More snow last night; this time no more than an inch, but enough to turn everything white again. The current forecast has it going only up to 22 degrees today, down to 2 tonight, and up to 15 tomorrow. Hopefully that will be the worst of the winter. At any rate, we don’t expect to go out today, except for a run to Wal-Mart to wire some money to Leive’s nieces and nephews in the Philippines.
Leive is starting to talk about gardening, though I told her she probably can’t plant anything until March at the earliest. She’s mainly interested in growing those vegetables that are hard to find in the stores around here, especially Oriental ones. Yesterday in the Korean store on New Circle Rd, she found lemon grass, what she calls tanglad, and she thinks she can get half of the bunch she bought to sprout roots. In Florida we had a bunch of lemon grass growing in the front yard, but here she’ll have to keep it in a pot and bring it inside for at least half the year. Still, if she can pull this off, more power to her.
For future reference, I found Evergreenseeds.com, the website of a California company that specializes in Oriental vegetable seeds. In looking at the pictures, I found several interesting veggies, like the hyacinth bean, which looks like a purple orchid.
Overall, I think what we miss the most from Florida are some special food items so exotic that even most Floridians aren’t familiar with them. In Leive’s case, it’s whatever she could get from the Vietnamese and Filipino stores in Orlando, that she can’t get in Lexington. For me, one is muscadine grapes, also called scuppernongs. They’re about the only kind of grapes you can grow in Florida, and they’re different enough from regular grapes that they’re my favorite kind; usually I will buy a few pounds of them during the muscadine season (late August, September and sometimes October). Last September I tried finding some in Lexington, and nobody had them; most of the people I asked in the stores didn’t even know what I was talking about. When I did a Google search, entering the words “muscadine” and “Lexington,” all I got were some references to Civil War diaries that mentioned muscadines growing wild in Kentucky in those days. That tells me mid-19th-century Kentucky must have had a somewhat warmer climate than what I’m experiencing now. You hear that, global warming advocates?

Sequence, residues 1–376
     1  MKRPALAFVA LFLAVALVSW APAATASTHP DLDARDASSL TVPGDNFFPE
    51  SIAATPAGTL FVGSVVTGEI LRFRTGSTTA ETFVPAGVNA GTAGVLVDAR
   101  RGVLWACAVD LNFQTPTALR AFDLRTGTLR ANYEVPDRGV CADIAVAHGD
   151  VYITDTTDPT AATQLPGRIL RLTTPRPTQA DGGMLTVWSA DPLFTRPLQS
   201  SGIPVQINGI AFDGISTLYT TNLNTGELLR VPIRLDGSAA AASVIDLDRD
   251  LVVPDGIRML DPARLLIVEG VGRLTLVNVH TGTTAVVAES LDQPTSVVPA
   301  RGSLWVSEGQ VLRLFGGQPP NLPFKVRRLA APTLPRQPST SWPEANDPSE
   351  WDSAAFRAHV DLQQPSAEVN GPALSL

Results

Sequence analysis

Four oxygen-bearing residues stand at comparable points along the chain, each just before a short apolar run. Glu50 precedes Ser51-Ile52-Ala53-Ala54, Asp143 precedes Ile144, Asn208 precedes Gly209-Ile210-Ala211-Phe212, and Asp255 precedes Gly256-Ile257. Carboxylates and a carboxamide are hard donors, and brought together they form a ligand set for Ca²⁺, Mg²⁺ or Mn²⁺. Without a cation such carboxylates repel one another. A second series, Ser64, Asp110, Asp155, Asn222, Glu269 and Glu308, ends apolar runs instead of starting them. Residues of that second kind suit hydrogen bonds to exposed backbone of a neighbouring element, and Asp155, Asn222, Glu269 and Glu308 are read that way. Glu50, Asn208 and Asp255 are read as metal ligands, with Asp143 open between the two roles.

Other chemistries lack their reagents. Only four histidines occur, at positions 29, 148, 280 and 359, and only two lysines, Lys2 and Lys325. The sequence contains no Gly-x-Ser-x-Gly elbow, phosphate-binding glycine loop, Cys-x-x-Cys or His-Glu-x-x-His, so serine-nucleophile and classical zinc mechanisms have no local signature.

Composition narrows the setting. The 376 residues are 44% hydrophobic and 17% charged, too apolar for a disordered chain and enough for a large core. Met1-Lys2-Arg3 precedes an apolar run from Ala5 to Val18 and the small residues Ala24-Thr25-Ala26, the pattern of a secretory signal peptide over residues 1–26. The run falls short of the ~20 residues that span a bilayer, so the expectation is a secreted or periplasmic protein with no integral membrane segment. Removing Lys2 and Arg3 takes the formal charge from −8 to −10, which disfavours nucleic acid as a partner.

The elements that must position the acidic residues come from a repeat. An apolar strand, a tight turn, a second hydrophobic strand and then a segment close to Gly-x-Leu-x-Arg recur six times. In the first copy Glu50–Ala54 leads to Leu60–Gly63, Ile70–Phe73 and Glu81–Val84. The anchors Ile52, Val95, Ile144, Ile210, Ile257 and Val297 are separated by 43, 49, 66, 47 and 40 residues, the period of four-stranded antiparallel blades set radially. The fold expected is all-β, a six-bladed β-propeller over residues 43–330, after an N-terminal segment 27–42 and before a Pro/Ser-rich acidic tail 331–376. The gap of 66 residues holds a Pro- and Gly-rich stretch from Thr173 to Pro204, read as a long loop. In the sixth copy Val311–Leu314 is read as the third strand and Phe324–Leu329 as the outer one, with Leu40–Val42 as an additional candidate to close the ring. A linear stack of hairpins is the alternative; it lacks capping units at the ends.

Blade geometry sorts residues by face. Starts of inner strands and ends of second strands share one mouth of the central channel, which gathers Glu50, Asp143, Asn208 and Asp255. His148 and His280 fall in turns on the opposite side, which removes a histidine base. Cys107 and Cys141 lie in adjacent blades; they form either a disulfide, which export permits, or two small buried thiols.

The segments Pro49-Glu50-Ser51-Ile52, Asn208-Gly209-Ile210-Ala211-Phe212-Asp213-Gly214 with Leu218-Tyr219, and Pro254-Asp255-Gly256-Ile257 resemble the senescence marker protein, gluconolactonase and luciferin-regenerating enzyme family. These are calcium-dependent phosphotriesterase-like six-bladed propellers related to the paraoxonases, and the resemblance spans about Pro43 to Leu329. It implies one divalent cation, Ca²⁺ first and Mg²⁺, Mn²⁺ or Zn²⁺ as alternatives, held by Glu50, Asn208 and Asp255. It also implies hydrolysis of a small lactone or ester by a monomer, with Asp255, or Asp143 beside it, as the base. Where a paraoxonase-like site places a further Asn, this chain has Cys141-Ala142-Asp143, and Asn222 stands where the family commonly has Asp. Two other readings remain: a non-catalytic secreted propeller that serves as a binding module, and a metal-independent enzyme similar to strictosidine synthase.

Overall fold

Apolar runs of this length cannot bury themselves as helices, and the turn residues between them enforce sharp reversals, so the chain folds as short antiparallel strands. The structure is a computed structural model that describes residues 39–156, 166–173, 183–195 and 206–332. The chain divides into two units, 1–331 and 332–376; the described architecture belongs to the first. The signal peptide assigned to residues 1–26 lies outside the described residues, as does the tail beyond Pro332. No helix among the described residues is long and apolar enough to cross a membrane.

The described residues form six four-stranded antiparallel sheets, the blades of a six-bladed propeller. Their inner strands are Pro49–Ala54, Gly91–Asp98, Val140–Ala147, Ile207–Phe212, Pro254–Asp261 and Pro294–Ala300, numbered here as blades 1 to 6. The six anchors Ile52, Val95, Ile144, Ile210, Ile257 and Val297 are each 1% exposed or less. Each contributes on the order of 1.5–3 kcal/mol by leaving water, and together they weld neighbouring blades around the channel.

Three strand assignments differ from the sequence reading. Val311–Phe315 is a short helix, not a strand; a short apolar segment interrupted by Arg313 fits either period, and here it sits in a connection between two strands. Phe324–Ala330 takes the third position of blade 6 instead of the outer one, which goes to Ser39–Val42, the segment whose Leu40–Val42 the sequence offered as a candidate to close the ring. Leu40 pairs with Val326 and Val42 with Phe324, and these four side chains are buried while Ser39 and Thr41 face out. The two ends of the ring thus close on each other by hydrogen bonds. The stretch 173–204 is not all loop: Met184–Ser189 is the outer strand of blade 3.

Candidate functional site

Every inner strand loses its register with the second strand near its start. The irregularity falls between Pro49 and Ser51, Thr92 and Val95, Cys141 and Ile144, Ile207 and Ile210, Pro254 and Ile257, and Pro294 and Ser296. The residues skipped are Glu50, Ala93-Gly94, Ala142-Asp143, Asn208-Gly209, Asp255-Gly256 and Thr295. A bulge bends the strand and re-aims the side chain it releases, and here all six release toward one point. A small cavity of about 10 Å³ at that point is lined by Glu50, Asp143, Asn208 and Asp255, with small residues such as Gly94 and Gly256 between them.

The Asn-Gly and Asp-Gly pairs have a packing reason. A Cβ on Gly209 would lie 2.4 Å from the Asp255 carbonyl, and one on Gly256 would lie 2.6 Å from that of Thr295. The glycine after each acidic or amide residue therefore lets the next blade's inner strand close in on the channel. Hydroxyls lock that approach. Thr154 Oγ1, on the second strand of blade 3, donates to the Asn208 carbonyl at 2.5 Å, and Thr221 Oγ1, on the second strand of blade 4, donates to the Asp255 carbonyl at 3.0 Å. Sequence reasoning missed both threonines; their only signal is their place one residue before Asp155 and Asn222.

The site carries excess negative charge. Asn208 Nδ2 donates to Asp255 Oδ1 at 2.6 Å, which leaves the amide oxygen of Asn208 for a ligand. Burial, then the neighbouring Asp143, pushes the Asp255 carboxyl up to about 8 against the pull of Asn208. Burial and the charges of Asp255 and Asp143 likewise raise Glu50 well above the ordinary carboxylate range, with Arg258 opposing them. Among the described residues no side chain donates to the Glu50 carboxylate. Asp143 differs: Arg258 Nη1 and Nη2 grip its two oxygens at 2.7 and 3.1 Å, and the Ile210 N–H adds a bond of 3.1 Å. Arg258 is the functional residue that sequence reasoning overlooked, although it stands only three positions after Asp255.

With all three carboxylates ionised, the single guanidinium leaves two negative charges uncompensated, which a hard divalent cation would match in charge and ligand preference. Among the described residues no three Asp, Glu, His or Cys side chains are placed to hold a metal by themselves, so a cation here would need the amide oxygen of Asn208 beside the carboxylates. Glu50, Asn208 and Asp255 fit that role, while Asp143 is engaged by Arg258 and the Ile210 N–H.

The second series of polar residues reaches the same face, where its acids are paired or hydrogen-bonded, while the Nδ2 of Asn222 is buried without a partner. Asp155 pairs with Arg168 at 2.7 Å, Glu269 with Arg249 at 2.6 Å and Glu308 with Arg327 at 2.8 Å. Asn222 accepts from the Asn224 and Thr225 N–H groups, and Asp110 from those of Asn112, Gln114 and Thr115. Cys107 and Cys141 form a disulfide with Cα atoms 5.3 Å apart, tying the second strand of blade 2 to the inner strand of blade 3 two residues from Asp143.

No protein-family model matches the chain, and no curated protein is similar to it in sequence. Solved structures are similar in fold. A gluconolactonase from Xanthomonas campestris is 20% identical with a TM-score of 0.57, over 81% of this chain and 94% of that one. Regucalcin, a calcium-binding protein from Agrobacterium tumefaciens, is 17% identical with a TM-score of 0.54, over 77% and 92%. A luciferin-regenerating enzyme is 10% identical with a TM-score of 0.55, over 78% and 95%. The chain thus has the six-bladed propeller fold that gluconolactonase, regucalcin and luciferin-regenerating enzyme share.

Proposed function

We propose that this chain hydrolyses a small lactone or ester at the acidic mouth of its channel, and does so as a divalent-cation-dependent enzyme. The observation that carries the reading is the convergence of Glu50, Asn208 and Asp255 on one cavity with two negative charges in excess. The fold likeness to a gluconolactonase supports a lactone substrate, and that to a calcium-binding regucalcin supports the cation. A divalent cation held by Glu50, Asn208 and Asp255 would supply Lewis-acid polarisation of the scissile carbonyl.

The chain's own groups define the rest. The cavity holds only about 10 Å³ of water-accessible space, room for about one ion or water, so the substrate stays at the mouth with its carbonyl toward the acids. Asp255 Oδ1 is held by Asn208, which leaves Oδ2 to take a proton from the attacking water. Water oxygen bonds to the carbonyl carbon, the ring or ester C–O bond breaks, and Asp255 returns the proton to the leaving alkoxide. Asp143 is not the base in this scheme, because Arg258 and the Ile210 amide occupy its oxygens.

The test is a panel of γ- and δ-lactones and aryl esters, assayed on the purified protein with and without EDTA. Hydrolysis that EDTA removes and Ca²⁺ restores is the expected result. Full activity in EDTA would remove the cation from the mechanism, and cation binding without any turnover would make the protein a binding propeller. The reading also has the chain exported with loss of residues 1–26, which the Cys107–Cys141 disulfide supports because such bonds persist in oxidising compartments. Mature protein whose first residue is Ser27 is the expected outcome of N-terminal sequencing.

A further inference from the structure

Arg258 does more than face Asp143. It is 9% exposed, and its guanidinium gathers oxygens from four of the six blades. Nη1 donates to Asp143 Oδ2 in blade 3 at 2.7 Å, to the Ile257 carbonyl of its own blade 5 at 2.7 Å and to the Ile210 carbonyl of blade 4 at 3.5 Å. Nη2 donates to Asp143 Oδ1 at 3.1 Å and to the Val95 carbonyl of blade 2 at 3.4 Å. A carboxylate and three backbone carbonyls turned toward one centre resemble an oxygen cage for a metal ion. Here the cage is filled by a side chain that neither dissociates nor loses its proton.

The funniest part of my search for Muscadines happened when I looked in Meijer. Meijer constantly advertises that they have the lowest prices, but in most cases they don’t; I go there because of the high quality of what they have, and their stores, which are larger than even a Wal-Mart Supercenter, carry several items I can’t get elsewhere. Anyway, I grabbed a package of what appeared to be muscadines. They were the right size and color, and at $4, the price was what I expected to pay. Instead, they turned out to be very dark cherries! They tasted all right, so I had no reason to complain, but I should have known a Michigan-based company would be more likely to carry cherries than Florida grapes.
Another foodstuff I miss is the kind of hot sauces we had in Florida, especially the ones made from St. Augustine’s datil peppers. Both of us have been stocking up on spicy items to help keep warm (on the inside, anyway), and while Leive claims that Louisiana hot sauce is good enough for her, she had to use a whole bottle when she made Buffalo wings here. Myself, I have considered Louisiana hot sauce wimpy since I discovered datil-based condiments like “Hellish Relish.” Last December I saw a datil sampler pack for sale in Wal-Mart, and I’m kicking myself for not buying one before they sold out. It looks like if I want to have the datil stuff again, I’ll have to order them online, from sources like this. For some reason nobody outside the St. Augustine area grows datil peppers commercially; you’d think they’d at least do well in the rest of Florida.
p.s., We finally found some fresh-baked sesame bagels yesterday, in the new Wal-Mart Supercenter near us (see the January 26 entry). $2 for a bag that only contains four bagels, but Leive’s happy with it, and that’s what counts.